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Literature reviews - a guide how to carry them out

About this Guide

This guide provides an overview of the process of writing a systematised or structured literature review. 

This guide is for students undertaking a systematised literature review as a form of secondary research either as a dissertation or as a standalone piece of work.

If you are collecting primary data for your dissertation, you may need to include one chapter reviewing literature, typically called the “literature review”. This chapter is at the beginning of a dissertation, sitting between your aims and objectives and your methodology. This review is normally a narrative or traditional literature review selecting literature based on judgement (rather than a systematised review).

Please check the guidelines for your dissertation or speak to your supervisor  to ascertain which type of review is required.

The left hand menu takes you through each stage of your review, from scoping searches and planning your methodology, right through to the write up.

What is a Systematised Review?

Booth et al., (2021, 2) defines a systematised literature review as “a form of research synthesis that seeks to systematically search for, appraise and synthesize research evidence, using strategies to limit bias often adhering to guidelines on the conduct of a review”

Unlike a narrative literature review, a systematic review attempts to incorporate “transparent and well-defined steps”, answering a specific question.

What makes a literature review systematised?

A systematised literature review differs from a traditional narrative review  by including a transparent methodology that explains to the reader exactly what you did to get your search results and how you refined those results to produce your final sample. The key term here is reproducibility. A good systematised gives the reader all the information necessary to reproduce your results using your search strategy, inclusion criteria and analysis.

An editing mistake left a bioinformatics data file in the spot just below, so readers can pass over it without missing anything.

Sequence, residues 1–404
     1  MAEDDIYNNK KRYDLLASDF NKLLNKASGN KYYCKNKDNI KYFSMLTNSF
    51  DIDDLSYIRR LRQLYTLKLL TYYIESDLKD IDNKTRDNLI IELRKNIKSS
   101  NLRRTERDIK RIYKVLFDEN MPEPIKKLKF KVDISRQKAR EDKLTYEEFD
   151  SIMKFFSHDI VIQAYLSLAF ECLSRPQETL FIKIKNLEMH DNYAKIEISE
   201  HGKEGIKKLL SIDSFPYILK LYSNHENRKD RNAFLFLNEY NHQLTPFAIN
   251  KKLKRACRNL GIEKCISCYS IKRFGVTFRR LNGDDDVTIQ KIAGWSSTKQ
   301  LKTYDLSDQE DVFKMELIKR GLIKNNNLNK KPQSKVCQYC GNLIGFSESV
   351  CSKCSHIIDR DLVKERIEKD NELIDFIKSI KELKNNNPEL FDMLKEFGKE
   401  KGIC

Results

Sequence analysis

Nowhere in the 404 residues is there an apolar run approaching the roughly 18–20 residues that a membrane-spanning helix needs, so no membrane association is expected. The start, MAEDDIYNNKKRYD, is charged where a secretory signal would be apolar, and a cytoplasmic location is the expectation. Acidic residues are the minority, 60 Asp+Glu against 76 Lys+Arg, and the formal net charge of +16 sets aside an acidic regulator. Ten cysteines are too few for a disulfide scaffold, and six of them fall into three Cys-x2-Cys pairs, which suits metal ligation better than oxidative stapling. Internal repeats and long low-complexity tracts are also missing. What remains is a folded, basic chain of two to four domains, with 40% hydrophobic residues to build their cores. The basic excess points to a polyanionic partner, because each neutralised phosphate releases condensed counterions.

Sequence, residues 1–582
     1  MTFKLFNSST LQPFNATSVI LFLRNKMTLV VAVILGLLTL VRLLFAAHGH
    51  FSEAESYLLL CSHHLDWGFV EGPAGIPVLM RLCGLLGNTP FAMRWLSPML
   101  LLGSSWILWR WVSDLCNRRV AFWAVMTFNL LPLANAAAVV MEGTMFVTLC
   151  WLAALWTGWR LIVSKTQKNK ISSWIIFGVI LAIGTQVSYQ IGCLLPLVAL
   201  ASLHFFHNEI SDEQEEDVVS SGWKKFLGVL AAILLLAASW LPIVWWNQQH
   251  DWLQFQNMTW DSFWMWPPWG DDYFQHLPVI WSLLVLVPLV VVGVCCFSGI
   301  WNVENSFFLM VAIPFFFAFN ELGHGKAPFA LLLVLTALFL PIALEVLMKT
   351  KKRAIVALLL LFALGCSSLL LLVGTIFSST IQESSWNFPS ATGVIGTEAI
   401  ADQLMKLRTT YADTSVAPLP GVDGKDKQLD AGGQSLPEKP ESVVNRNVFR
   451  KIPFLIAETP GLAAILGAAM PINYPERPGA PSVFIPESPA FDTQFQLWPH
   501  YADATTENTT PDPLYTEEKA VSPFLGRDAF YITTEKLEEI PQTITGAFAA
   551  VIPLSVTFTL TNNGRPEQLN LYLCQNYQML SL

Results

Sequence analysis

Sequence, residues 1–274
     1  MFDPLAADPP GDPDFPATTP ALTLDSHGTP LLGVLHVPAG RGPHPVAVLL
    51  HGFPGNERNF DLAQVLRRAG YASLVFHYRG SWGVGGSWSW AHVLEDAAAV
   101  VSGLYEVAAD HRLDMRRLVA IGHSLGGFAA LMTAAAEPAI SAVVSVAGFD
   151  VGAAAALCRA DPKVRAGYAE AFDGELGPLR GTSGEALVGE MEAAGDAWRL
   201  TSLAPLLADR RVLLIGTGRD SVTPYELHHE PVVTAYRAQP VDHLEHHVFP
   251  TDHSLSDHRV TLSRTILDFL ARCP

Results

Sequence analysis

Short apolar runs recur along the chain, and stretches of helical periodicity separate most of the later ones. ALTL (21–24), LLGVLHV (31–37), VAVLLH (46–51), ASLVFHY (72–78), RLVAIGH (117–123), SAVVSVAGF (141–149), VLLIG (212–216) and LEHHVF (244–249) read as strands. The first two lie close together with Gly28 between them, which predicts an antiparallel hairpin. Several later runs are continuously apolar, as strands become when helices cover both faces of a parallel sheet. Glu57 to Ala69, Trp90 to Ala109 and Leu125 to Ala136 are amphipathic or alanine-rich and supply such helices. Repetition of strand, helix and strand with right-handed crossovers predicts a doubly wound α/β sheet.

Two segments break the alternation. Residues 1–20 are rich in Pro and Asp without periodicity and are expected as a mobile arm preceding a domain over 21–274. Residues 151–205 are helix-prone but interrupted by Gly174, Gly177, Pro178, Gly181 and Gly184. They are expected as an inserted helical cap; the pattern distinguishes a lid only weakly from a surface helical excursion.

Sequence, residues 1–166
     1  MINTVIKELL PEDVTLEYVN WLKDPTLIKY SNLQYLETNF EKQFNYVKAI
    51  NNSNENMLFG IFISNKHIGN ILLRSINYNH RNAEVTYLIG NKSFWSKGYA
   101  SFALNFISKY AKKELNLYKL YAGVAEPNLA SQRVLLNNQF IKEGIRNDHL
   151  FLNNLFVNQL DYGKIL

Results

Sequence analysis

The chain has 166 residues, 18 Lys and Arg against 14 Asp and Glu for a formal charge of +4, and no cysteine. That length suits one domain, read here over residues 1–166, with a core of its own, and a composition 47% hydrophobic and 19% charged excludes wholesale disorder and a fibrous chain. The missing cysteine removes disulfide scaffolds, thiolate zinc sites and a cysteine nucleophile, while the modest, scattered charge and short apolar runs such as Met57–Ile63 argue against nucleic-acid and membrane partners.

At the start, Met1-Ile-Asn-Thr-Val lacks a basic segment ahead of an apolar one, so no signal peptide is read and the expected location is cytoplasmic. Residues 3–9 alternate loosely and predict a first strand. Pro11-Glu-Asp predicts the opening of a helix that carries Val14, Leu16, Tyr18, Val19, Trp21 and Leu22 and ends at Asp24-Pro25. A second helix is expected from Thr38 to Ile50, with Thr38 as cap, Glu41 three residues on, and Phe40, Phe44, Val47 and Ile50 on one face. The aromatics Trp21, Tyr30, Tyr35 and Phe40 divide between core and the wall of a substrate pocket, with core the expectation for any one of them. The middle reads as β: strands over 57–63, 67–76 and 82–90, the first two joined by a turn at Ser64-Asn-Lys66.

A systematised review should include most of the below:   

  • Step by step methodology – including search terms, database selection, and inclusion /exclusion criteria.
  • Reports the number of hits retrieved from database searching
  • Reports results using a specified framework (such as PRISMA)
  • Coordinated analysis (such as narrative synthesis)
  • Systematic approaches to presentation (tables etc.)

Systematic, Systematised or Structured?

The words “systematic literature review” have been used in a variety of different ways, often interchangeably to mean subtly different things. Strictly speaking, a systematic review is an exhaustive search for evidence. This kind of review, prominent within healthcare, is conducted by large teams of researchers and can take many months (or even years) to complete. To take a look at some examples, you can visit the Cochrane library here

For an undergraduate or postgraduate dissertation, however, you may wish to carry out a review with systematic features. Grant et al. (2009), refer to this kind of review as a “systematised review” which attempts “to include elements of systematic review process while stopping short of systematic review. Typically conducted as postgraduate student assignment.” The parameters of searching systematically are more flexible than those for a systematic review.​

A systematised review acknowledges that your project will have time constraints and that you will be the sole researcher (thus falling short of a systematic review in the strict sense). Despite this, your academic may still refer to your review as systematic, as terminology is used flexibly throughout the literature. You may also hear your review referred to as a structured review.

Difference between a systematised review and a traditional (narrative) literature review

The below table outlines some of the differences between a systematised review and a (traditional) narrative literature review.

Advantages of doing a systematised or structured review for your dissertation:

  • Removes difficulties involved in collecting data
  • Removes time consuming ethics forms
  • Gain a rigorous understanding of a topic
  • Large and rich pool of data
  • Facilitates connections between different areas of literature.